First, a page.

Part One: Picturing Research and Planning for Careers
Are great writers born, or made? Scholars who study the writing process tell us that it can be taught and strengthened, even as they acknowledge that writing–truly beautiful writing–is a mysterious phenomenon that manifests in a feel for language, in the ear, in the voice, through what Sondra Perl calls “felt sense.”1 When we think about what writing is, how we learn it, and how we might teach it, we are met with contradictions. In Fall 2018, students in English 318: “Teaching Composition” wrestled with these contradictions by engaging with theories of rhetoric and writing and by creating research projects that will feed into their careers as teachers and writers. Given the digital context in which we write and learn to write, I wanted to ask the students in “Teaching Composition” to create multimodal texts–ones that incorporate images, sound, digital media, or movement in addition to written text. For their first major research project, students in “Teaching Composition” worked in pairs to create infographics about writing.
In the spirit of the project, I gave students the assignment in the form of an infographic. Students worked in pairs and developed their own research topic, which was designed with a specific audience in mind–like other English majors or high school English teachers. I offered possible avenues for research, but ultimately let the groups define their projects. Two groups focused on teaching writing as a process, not a product: one group created their infographic for fellow teachers, and one created their infographic for their future students. Another group translated one of our theoretical readings, about the role of metaphor in the writing process, into an infographic format, with future undergraduate students in mind for their audience. The fourth group–featured in this post–also addressed their peers, creating an infographic that would show undergraduates the many career paths available to English majors. In a series of posts, I will share these infographics along with their creators’ explanation of how–and why–they translated their research into this visual, digital format.
First up, this post features a project created by Eva Bruno and Matt Oyer, who wanted to research career paths for English majors. In addition to its less-tangible benefits–reading and thinking deeply, finding your own voice as a writer–the English major prepares students for a wide variety of careers.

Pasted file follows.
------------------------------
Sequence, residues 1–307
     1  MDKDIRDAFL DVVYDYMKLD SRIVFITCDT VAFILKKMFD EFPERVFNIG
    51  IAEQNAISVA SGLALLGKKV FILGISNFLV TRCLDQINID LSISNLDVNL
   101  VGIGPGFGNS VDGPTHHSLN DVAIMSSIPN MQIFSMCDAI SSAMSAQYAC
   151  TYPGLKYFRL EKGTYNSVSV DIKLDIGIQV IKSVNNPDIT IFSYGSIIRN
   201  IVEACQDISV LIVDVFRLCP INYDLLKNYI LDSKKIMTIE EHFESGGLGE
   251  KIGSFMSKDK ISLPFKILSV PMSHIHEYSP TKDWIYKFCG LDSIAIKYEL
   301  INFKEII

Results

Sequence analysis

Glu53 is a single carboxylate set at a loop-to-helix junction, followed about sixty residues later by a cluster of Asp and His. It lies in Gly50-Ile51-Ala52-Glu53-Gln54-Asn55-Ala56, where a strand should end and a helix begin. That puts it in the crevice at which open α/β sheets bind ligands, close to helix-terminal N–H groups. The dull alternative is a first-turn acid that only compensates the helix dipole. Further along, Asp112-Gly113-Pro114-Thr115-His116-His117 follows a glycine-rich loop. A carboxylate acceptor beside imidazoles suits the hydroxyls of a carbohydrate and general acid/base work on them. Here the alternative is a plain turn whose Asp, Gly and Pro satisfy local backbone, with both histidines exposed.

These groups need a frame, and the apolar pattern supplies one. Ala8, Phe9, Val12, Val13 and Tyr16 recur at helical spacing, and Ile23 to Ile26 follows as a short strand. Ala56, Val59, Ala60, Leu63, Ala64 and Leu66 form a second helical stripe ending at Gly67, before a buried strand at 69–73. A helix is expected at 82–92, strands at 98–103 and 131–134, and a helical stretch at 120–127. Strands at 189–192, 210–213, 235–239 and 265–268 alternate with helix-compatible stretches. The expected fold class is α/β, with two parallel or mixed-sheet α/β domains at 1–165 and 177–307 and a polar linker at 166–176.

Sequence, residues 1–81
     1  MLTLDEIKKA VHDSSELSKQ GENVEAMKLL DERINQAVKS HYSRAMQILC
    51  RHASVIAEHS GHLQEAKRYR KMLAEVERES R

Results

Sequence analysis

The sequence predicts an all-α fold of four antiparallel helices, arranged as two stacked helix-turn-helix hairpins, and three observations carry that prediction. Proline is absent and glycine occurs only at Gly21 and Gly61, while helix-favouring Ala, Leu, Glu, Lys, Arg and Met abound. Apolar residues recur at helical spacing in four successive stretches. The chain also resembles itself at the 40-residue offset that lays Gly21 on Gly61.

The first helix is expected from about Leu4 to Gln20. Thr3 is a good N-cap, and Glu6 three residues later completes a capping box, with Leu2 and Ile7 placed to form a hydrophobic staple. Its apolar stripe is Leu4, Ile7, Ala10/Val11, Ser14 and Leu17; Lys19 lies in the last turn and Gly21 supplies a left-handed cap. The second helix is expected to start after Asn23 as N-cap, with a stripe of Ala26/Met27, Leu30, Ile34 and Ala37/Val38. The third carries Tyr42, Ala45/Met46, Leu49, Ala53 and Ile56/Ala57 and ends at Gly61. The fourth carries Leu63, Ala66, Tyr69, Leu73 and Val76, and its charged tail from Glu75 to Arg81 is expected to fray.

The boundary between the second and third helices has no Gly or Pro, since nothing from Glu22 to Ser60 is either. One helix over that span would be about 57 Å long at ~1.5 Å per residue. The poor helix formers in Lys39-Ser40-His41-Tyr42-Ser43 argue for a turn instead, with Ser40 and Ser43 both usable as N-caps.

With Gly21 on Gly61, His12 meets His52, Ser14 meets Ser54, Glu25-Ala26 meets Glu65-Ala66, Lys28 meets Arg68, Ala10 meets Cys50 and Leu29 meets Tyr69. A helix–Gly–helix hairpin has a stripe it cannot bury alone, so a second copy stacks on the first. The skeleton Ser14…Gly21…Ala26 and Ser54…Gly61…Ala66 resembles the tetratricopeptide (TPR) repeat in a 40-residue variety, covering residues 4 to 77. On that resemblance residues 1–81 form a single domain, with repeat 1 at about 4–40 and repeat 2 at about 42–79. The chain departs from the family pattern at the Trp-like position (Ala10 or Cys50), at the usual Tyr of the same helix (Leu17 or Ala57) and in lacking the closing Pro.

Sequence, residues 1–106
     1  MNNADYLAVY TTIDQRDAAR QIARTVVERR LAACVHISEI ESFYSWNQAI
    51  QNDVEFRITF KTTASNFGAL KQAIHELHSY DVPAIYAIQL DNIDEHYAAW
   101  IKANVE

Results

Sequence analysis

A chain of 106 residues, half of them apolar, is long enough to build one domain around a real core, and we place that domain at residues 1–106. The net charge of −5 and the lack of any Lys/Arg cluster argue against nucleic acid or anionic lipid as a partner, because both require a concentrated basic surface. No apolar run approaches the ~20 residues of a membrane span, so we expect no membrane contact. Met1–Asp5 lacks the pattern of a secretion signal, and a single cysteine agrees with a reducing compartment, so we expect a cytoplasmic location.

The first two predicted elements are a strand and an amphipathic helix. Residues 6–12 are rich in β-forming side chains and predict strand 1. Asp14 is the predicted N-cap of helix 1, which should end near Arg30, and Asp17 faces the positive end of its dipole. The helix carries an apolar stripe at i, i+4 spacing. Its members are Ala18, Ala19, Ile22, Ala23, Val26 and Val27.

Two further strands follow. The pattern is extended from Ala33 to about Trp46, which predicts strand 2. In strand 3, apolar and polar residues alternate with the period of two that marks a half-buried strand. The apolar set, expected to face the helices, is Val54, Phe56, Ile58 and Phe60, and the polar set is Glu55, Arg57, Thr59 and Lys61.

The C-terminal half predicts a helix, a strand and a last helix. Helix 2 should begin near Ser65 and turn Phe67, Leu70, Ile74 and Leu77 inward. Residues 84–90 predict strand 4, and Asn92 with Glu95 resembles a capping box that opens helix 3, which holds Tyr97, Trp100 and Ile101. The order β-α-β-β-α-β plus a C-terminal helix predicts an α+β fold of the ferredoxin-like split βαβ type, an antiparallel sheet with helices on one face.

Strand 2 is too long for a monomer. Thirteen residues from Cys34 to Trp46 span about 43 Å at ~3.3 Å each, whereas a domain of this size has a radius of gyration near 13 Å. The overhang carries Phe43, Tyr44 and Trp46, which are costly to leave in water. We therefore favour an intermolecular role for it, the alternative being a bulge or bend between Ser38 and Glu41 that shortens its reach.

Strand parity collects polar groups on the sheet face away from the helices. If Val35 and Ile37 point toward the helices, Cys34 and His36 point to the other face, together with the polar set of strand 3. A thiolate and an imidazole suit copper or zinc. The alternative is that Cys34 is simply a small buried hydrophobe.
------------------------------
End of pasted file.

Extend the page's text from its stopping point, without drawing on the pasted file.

As Matt and Eva show in their infographic, even students interested in careers in the sciences can benefit from majoring in English. Here’s how Matt and Eva described their project:
Most people, including those of us in close interaction with the English department, tend to default to teaching or becoming an author as the only paths beyond graduation for an English major. Our partnership in this project was what specifically drove us to create an infographic on the topic of potential careers for English majors because, although one of us is pursuing a teaching certification (Eva), the other (Matt) is not. We wanted students, especially undergrads who have not declared a major, to know that even if they don’t want to teach, there are still options for them if they are interested in the various aspects of English. All too often, people fail to realize the versatility of an English degree, resulting in the skepticism we frequently face (“But what are you going to DO with that degree?!”) when asked about our area of study. Our infographic explores a few lesser known options and will hopefully spark interest in readers to help our department grow.
- Perl, Sondra. “Understanding Composing.” College Composition and Communication, vol. 31, no. 4, Dec. 1980, pp. 363-369. JSTOR. https://www.jstor.org/stable/356586. Accessed 2 Dec. 2018.